Derrick Whittenberg threw up the greatest airball in history. Lorenzo Charles jumped over an off-guard Hakeem (then Akeem) Olajuwon and dropped in maybe the most historic bucket in NCAA history.
Those were the greatest days in the respective basketball histories of the University of Houston and North Carolina State. The Cougars were the original and much more high-flying, more talented, more captivating Fab Five.
They were dubbed Phi Slama Jama and they were remarkable: Hakeem the Dream. Clyde the Glyde. Benny Anders. Michael Young, the Silent Assasin, Mr. Mean Larry Micheaux. There also were Greg “Cadillac” Anderson, Dave Rose, Reid Gettys and Alvin Franklin. They were unbeatable … until the underdog, disciplined, touched-by-something-special Wolfpack did exactly that.
The Wolfpack were their own unique story, coming out from under the shadows of North Carolina and Duke and doing something that would be fateful for their young coach, Jim Valvano. They never gave up. Never, ever gave up.
Who knew that the unforgettable moment we all remember from 1983 didn’t signal the beginning of a couple of dynasties, but the end.
Two programs with great histories have never been the same since. The Coogs went to the Final Four one more time and lost to Georgetown, in 1984.
Stunningly, they haven’t won an NCAA Tournament game since. Not since 1984.
N.C. State has gone to the Big Dance just six times over the past 20-years.
There truly should be no reason these two programs have become basketball wastelands. From the brink of becoming superpowers, they have become the basketball equivalents of Third World countries.
UH facilities are despicable mess. Cronyism and a, “that’s the way we’ve always done it” mentality has the program in a shambles. Since the legendary Guy V. Lewis’ left, the assortment of unsuccesful coaches has ranged from the unprepared (Alvin Brooks), to the symbolic (Clyde Drexler), overmatched (Ray McCallum) and quick-fix artist (Tom Penders).
Last year, the Coogs couldn’t draw any semblance of a proven coach when Penders left. They settled on James Dickey, who hadn’t been a head coach since 2001, when he was last seen driving the Texas Tech program into obscurity.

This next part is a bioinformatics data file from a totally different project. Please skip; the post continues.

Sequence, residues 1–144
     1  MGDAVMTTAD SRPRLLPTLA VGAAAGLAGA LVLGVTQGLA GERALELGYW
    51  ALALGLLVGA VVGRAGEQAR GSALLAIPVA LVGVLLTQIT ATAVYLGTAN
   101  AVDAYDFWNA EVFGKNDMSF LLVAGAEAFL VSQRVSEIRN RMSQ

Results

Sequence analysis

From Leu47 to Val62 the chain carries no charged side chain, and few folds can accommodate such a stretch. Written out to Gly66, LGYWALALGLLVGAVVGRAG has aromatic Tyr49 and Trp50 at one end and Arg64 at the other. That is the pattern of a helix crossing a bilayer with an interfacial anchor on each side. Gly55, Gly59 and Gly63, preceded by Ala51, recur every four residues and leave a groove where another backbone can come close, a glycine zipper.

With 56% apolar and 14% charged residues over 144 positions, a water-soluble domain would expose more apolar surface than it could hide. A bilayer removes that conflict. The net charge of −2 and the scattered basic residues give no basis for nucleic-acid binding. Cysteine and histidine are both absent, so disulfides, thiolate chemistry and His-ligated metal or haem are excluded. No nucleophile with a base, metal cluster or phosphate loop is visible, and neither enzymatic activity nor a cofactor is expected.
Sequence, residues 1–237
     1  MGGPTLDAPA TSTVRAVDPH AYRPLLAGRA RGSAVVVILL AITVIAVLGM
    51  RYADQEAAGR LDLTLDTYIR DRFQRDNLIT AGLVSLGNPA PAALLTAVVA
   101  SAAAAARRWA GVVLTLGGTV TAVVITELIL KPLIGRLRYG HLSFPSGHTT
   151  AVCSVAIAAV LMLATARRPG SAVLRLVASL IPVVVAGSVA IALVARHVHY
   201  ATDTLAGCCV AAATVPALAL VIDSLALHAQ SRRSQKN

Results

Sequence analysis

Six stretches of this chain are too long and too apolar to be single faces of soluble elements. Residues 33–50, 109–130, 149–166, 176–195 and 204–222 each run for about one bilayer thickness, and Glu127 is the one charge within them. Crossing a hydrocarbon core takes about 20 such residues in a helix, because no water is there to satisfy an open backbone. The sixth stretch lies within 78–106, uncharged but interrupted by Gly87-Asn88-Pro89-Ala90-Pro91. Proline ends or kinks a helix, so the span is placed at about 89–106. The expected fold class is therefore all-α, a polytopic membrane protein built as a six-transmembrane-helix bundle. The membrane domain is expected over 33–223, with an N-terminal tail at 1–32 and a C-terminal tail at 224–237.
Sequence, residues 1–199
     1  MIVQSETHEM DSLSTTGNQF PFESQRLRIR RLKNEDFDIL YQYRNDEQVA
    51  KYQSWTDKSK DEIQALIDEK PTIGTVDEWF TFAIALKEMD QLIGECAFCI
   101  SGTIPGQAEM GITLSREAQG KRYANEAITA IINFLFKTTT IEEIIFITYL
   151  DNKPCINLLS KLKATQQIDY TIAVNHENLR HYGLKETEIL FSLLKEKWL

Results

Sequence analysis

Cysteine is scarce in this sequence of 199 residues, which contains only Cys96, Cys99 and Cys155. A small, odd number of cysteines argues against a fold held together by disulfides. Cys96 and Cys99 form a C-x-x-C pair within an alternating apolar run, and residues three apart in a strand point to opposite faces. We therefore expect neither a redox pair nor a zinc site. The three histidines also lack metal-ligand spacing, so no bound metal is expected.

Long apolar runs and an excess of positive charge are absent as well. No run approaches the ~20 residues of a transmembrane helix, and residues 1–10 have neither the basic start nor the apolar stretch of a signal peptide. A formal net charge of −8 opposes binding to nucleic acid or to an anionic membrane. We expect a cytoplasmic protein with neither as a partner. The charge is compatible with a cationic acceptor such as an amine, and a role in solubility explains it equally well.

This week, N.C. State finally got someone to coach its team, after at least four coaches, including Shaka Smart, turned them down. It’s Mark Gottfried, who hasn’t been a head coach since leaving Alabama at mid-season after reported run-ins with his athletic director and best player.
It’s amazing that two of the most fertile basketball grounds, along Tobacco Road and Greater Houston, have potential flagship programs sinking so low.
The reason? Neither has managed to match leadership with vision. Both appear to have settled — N.C. State, collectively talking as if they belong with Duke and Carolina, but doing nothing to raise the funds, the brand or the facilities to a level that could compete.
And UH has lacked either the right visionary athletic director, or opportunity to raise funds for facilities. This was a retirment job for Dave Maggard. Current A.D. Mack Rhoades is a master fundraiser, but the dam already has broken. This is a total rehab that must be done to the program — particularly its reputation among top-tier recruits and with facilities. An affiliation with perceived second-tier Conference-USA was a death knell as well.
Greater Houston basketball has produced the likes of T.J Ford, Daniel Gibson, Emeka Okafor, Rashard Lewis, Stephen Jackson, Kendrick Perkins and DeAndre Jordan. They all should have looked hard, if not signed, with UH. None did.
If 1983 truly had been what it should have been — a building block, instead of the top of the mountain — every coach might be wanting to coach at UH and N.C. State today. Instead, they are drawing only the desperate retreads, or those looking for a second chance.
You could see the possibilities in 1983. But no one had the vision.